How satisfied were you with your living arrangements?

I lived in a folkehojskole, which is an informal adult education institution. <br /><br /> I loved living in a folkehojskole; it was a totally different experience from kollegiums, which were just like what they are described as - dorms, and from host families. I got to know people from all over the world, and the community was closer knit than that of a kollegium. I also felt it afforded me more independence than a host family; I didn't want to have the obligation of coming back for dinner, for example, or asking if someone could stay over. The facilities were very nice, with sheets and cleaning supplies provided. On the other hand, it wasn't the most immersive Danish experience, if that's what you're looking for, and the commute was up to an hour and a half one-way on some days. However, the town I stayed in was beautiful, and I was actually more adventurous in Copenhagen because everytime I went in, I felt like I NEEDED to explore - I didn't want to travel 1.5 hours for nothing!

* Food:

The food was good at my folkehojskole, but it was sometimes problematic getting back in time for dinner (dinner was served ar 6 pm, I would often be in class or in the city late). They put out breakfast early for DIS students, and although sometimes I would try to pack a lunch, I ended up buying lunch a lot because it was such a hassle to store food in the student refrigerator. You quickly learn where the cheapest places to eat are in Copenhagen (and cheap is relative) - get ready to eat a lot of shawarma and falafel pita sandwiches. Also if you're vegetarian, watch out. It was difficult getting a balanced meal out of the vegetarian options that the folkehojskole offered; for example, they had some issues providing protein in the meals. And if you're vegan, forget it! If you have any special dietary restrictions beyond vegetarianism, I suggest you live in a kollegium where you can cook your own meals.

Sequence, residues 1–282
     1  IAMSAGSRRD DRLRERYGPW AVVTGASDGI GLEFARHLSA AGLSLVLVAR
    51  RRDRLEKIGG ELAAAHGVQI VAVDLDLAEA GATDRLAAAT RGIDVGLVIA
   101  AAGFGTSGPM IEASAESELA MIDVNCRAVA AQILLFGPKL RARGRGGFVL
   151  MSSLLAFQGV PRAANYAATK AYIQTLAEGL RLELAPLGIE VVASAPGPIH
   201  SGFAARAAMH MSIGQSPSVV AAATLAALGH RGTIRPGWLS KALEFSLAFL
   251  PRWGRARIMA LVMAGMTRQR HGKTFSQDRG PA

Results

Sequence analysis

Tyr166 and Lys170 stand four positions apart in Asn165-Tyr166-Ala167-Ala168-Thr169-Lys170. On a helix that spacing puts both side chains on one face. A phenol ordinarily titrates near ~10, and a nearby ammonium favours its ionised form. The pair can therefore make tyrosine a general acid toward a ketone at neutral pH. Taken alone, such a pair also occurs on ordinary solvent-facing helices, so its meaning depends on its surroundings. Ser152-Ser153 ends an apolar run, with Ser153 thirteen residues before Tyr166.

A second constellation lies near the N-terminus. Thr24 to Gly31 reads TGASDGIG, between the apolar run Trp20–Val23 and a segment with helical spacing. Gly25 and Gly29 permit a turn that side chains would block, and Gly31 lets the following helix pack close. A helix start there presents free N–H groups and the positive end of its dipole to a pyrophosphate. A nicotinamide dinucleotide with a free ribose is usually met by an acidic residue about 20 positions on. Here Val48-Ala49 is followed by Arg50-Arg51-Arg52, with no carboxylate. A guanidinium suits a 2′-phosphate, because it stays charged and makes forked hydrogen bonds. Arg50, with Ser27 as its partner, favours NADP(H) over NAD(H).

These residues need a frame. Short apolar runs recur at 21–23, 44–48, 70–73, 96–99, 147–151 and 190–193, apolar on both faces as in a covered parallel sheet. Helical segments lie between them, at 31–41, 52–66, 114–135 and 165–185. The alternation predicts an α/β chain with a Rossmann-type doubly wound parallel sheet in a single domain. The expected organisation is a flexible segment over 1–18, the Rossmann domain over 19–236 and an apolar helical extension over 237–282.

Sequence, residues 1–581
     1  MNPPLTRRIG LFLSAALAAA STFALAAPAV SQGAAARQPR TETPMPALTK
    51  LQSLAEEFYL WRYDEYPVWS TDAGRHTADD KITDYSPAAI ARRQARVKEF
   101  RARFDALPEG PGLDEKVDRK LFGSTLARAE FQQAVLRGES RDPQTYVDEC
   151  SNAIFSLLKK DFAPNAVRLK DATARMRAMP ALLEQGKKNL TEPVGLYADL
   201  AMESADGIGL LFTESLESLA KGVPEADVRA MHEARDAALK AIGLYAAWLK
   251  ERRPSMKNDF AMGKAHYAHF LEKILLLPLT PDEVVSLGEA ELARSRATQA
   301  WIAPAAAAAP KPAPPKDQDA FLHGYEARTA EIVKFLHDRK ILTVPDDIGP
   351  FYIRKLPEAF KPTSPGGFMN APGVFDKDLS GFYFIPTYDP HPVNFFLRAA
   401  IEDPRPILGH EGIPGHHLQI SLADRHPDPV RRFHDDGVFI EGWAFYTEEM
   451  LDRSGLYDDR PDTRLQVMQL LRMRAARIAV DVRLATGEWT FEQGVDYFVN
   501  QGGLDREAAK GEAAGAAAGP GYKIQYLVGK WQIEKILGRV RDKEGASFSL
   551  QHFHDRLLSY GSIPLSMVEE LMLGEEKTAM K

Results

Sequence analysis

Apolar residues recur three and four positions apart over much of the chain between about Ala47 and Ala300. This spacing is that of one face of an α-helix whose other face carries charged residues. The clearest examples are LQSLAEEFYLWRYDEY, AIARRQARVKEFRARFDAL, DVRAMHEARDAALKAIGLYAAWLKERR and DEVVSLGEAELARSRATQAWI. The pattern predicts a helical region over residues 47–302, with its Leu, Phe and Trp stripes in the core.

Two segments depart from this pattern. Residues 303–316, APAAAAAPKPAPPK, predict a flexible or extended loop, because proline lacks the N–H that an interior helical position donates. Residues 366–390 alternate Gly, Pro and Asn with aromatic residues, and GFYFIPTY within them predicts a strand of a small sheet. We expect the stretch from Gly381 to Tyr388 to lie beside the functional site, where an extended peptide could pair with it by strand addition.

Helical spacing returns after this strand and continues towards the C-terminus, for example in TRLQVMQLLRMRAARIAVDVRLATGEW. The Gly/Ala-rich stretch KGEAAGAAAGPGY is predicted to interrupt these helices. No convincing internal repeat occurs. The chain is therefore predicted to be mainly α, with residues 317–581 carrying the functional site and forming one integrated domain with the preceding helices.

* Social & Cultural Integration:

How integrated did you feel with the local culture?

The field studies were great, and the program made sure you hit the most touristy spots but got off the beaten track as well. The program-provided cultural events were not that fantastic, but maybe that's because I felt they were heavily contrived. Anyway, you can't go wrong with studying in any city in Europe, because it's so easy to travel to other cities on weekends; I had some of my best cultural experiences traveling solo for the first time, and it was an incredible personal growth experience as well. Though the program doesn't necessarily facilitate those moments - because I had some of my best outside of any study tour, classroom, and even Denmark - it affords you the opportunity to find those moments.